littoral. The 19th century dacha of a Russian
prince, it has undergone a three-year programme of restoration to create 12 suites
and eight guestrooms with all the facilities
that a holidaying aristocrat of that period
would have enjoyed, combined with absolute privacy. The two topmost apartments
are completely self-contained, with little
reason for guests to quit their wraparound
balconies but for a swim in the heated
saltwater pool or down at the small private
beach. Staff from the tiny spa burrowed
into the cliff-face also conduct treatments
in apartments and suites.
Little wonder that in addition to the
Hollywood guests – such as Robert De
– who enjoy the private screening room, it
has also been adopted by a clientele drawn
from the worlds of finance and industry.
From the corniche, Cap Estel remains as
invisible as the guests who have chosen it.
One rather surprising group to express
enthusiasm for the resurrection of the hôtels
particuliers is comprised of the scions of the
original owning families. Tanya Rose, founding director of Mason Rose, who advises
many City figures on their holiday arrangements, notes that there are now more
aristocrats active in investment banking and
fund management than since the days, long
gone, when a title decorating the board was
considered to confer respectability. “For some
of these families this is the first generation to
enjoy wealth in a century,” she observes. “And
they have a hankering to live as their forbears
did – but with all mod cons.”
From this flows not only a particular style
of service, but an inherent resistance to
the vulgarity recently adopted by certain
Liassidi Palace,
a recently converted,
palazzo in Venice
arrangements made for private access to
galleries and vineyards. Very much, in fact,
what one might have experienced as a guest
in a notable private house.
Such developments are being monitored
with keen interest by members of Relais &
Châteaux and Small Luxury Hotels. “There
is little doubt that this approach represents the future for properties with noble
antecedents,” observes one. Membership
applications are expected from hôtels
particuliers, especially in East European
states. Small Luxury Hotels has already
enrolled in its portfolio the recently converted Liassidi Palace in Venice’s Castello
sestiere. Guests arriving by Riva speedboat enter the great wooden doors of the
600-year-old palazzo, disembarking into a
flower-filled courtyard. The 26 bedrooms
and four opulent suites are a triumph of
contemporary Italian design over medieval plumbing. Initial feedback is that the
guest experience is both more relaxed and
intimate than staying in a hotel – closer,
in fact, to being the house guest of rather
grand, if slightly eccentric aristocrats.
The trend is not confined to France and
Italy, nor are its origins exclusively derived
from the feudal system from which evolved
the hôtel particulier as a solution to the necessity of attendance at court. Cortijo Soto Real,
on the outskirts of Seville, was the seat of a
Moorish prince. The 25 elegant bedrooms
and four suites are decorated in the style of a
Spanish grandee, and draw guests attracted
by the sporting possibilities of the estate,
from partridge shooting to expeditions on
horseback to the mountains or, for the less
energetic, carriage drives around it.
From a wander on foot through the elegant streets of London’s Mayfair and St
James’s it is all too apparent
hotel managers in the Top: the Oscar Wilde suite
that a town house considbelief that it appeals to new at L’Hôtel. Above: Torre di
ered adequate by an 18th
money, particularly that Moravola, a converted 10th
century nobleman would
emanating from the former century watchtower.
be beyond the needs, perSoviet empire. At Torre di
haps even the means, of
Moravola, which opened this spring on a all but the richest oligarch today. Those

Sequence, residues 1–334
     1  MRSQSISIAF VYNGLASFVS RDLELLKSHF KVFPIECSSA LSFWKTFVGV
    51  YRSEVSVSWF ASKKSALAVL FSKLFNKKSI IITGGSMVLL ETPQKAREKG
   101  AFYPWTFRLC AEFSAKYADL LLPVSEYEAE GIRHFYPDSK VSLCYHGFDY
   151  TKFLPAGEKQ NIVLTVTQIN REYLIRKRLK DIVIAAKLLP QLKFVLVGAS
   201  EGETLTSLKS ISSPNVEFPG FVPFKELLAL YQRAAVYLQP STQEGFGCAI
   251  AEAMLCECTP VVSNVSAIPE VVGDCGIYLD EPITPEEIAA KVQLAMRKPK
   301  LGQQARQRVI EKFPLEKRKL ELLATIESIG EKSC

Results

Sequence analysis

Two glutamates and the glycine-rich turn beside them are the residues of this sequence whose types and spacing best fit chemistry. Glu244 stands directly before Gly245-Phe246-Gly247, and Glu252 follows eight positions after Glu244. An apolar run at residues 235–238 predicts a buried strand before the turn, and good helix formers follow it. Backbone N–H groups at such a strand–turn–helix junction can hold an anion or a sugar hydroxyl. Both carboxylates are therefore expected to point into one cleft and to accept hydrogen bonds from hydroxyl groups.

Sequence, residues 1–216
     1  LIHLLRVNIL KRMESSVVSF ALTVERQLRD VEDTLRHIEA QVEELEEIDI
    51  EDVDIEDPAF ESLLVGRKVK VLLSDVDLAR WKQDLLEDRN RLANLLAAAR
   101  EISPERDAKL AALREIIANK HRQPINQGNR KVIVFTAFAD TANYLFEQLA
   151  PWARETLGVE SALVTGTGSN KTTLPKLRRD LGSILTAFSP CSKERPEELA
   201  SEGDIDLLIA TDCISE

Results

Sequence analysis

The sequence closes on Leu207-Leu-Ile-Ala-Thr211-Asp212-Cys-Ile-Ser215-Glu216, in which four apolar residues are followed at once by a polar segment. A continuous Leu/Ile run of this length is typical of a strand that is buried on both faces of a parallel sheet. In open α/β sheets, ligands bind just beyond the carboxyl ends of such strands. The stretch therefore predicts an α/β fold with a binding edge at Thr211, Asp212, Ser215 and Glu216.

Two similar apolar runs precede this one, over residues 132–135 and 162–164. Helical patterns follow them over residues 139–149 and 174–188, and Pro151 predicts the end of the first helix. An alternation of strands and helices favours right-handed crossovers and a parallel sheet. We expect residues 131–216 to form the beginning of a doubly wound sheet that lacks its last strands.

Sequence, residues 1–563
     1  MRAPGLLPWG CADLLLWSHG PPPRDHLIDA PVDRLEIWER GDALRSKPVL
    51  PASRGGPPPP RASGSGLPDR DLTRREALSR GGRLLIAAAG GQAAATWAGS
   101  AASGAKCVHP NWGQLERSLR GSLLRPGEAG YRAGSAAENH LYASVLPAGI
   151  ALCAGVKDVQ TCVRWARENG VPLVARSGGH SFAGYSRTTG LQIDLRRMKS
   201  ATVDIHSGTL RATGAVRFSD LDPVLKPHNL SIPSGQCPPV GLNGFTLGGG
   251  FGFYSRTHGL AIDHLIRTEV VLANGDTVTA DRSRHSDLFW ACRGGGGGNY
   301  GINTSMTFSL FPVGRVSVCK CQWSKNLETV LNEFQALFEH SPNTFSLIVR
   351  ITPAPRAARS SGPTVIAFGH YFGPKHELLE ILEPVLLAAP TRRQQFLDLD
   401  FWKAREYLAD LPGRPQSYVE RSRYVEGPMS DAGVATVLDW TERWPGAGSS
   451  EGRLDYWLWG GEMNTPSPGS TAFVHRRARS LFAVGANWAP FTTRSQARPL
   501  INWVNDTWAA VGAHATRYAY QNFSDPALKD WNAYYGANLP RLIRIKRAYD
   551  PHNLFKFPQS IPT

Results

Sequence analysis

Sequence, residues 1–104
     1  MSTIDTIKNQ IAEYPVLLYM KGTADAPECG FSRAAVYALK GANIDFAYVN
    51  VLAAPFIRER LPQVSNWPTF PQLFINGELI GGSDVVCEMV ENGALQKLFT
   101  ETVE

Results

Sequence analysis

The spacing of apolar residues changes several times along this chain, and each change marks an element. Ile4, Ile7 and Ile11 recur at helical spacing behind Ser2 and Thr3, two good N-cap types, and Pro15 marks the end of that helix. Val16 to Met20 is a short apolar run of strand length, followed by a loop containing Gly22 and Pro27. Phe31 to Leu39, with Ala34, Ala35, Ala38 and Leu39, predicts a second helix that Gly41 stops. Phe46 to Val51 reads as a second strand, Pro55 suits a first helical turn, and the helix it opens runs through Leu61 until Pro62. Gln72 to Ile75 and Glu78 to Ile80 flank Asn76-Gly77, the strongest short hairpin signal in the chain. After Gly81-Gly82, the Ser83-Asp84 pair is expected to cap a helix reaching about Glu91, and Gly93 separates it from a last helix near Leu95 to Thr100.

mountain ridge enjoying 360-degree views mansions that survived the Blitz are now
of Umbria’s Carpini Valley, designer Seonaid gentlemen’s clubs, embassies or corMackenzie and her husband, the architect porate headquarters. How much more
Christopher Chong, have eschewed showy satisfying that here, and across Europe’s
features almost to the point of minimal- capitals past and present, some are now
ism. A central axis connects pools and being restored to their original purpose
gardens to seven tower suites linked by as a home from stately home. ✦
floating steel stairs. “Our aim was to allow
the architectural features of this 10th cen- A stately approach
tury watchtower to speak for themselves, Rates are for a double room B&B midseason.
and to draw inspiration from the way of Julian Allason stayed as a guest of L’Hôtel, 13 rue
life enjoyed by the noble family who once des Beaux Arts, Paris (00331-4441 9900; www.
owned it,” explains Mackenzie., from €250 (about £170), and of Cap
Although early inquiries have largely Estel, 1312 Avenue Raymond Poincaré, Eze Bordbeen from those interested in renting the de-mer, France (00334-9376 2929; UK reservations
entire property for extended-family holi- 020-7235 3245;,
days and celebrations, rooms are also being from about £355. Eurostar (08705-186 186; www.
offered on an individual basis for what has frequent services to Paris and
is likely to become a shared house party connections to Nice, from £109 London to Nice.
experience. With the mystical Umbrian Cortijo Soto Real, 41730 Las Cabezas de SJ, Seville,
landscape now readily accessible by both Spain (00349-5586 9200; UK reservations 00800scheduled flights and private jet into nearby 525 48000;, from
Perugia, Torre di Moravola is as practical a about £272. Liassidi Palace, Castello, Ponte dei
long-weekend proposition as Paris or Rome. Greci 3405, Venice, Italy (003941-520 5658; UK
Having worked extensively in Hong Kong, reservations 00800-525 48000; www.liassidipalMackenzie and Chong have brought to the, from about £190. Spencer House,
rapidly evolving hôtel particulier concept 27 St James’s Place, London SW1 (020-7499 8620;
some novel service ideas. “We talk to each The Ritz, 150 Piccadilly,
client to ascertain the level they want, from London W1 (020-7493 8181;,
full hotel service to being left completely apartments in William Kent House from £5,875.
alone,” she explains. Interestingly, most cli- Torre di Moravola, Umbria (020-7978 7164; www.
ents prefer a concierge-oriented style, with, from about £156.
how to spend it